Towards A Good Samaritan World

Tuesday, April 26, 2005

MY POSITION ON IMMIGRATION

one-eyed jack asks:

Why are you in favor on immigration, including illegal immigration? If you posted on the topic in the past, can you pont me to it?


Previous posts on the topic are here, here, and here (see the comments especially). Here's a description of my proposed immigration policy. And here's the first of eight sections of something I originally intended as the first chapter of a book; the chapter's name is "Borders," and it contains some of my ideas on the subject.

So what's my position? It's hard to know where to begin.

I could start by saying that on many policy questions, there's a trade-off between equality and freedom and/or efficiency. Thus, a low-tax economy gives people more economic freedom and yields faster growth, but may lead to a larger gap between rich and poor. A large welfare state slows economic growth and reduces people's economic freedom, but induces (or tries to induce) greater equality of outcomes. If you create gifted-and-talented programs in a school, you give the brightest kids more opportunity to learn at their own pace. But there will be bigger differences in learning outcomes. And so on.

In the case of immigration, however, the government is using coercion, restricting freedom, in order to increase inequality. The US population is priveleged in global terms, enjoying a far higher standard of living than what prevails elsewhere, particularly in the developing world. By restricting entry to the United States, the government cuts off the non-American-born from opportunities for self-advancement. At present, transnational inequality is greater than inequality within any single country, even Brazil. This outcome is a result of immigration restrictions. Opening the borders would be a giant step forward for freedom and for equality at the same time. No trade-offs.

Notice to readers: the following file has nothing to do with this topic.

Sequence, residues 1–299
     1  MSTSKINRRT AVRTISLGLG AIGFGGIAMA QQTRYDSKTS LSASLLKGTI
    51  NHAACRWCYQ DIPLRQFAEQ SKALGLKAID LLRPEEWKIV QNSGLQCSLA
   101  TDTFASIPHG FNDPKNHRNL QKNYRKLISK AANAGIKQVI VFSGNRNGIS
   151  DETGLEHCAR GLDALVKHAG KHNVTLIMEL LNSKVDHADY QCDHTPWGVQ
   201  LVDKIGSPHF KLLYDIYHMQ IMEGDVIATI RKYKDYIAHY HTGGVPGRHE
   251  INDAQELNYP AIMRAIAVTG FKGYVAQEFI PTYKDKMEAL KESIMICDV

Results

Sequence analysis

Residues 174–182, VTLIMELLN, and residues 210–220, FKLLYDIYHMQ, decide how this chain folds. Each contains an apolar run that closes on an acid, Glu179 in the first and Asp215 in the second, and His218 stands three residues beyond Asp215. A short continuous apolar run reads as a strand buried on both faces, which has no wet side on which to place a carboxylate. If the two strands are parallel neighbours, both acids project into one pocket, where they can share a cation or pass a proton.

Another way to approach the question is to address the foundations of legitimate government. Having declared independence on Lockean grounds, America is to some extent committed to Lockean principles, so let's start there. Just government is by consent of the governed. Let's assume that the American-born have signed a social contract and consented to be governed by the US federal government (though there are problems with that claim). One of those laws is that Mexicans cannot immigrate without the federal government's permission. But Mexicans never consented to be governed by that law. And even if we claim that, by entering the US, they consent to be governed by the rest of the US's law, it's nonsensical to claim that they consent to be governed by the border law that they violated in order to come. So there is no consent; and so we cannot justly coerce them to obey that particular law.

Or again, consider natural law. There are many things that we know through conscience are wrong: we should not kill, we should not lie, we should not steal, and so on. Human law, when it is just, is rooted in natural law. Not everything that is wrong should be illegal, of course. There may also be a certain extent to which human law must extend beyond natural law; for example, nothing in natural law forbids us to drive on the left-hand side of the road, but for purposes of organizing highway transportation it's essential for us to establish a standard with regard to that. This is acceptable because which side of the road to drive on is morally trivial, and does not materially affect anyone's interest (so long as some standard is established). When human laws extend beyond the natural law, as in the prohibition of alcohol, they become unjust, and because the law no longer has an ally in individuals' consciences, it also becomes possible to enforce, since spontaneous conspiracies against the state form everywhere. Such is the case with immigration.

Martin Luther King said that we must obey just laws and disobey unjust ones. Against unjust laws he advocated civil disobedience. The greatest injustice in the world today is the vast differences in wealth between nations, which are in large part a result of border restrictions. It is time for civil disobedience, in which the ten million or so illegal immigrants now living on US soil are leading the way.

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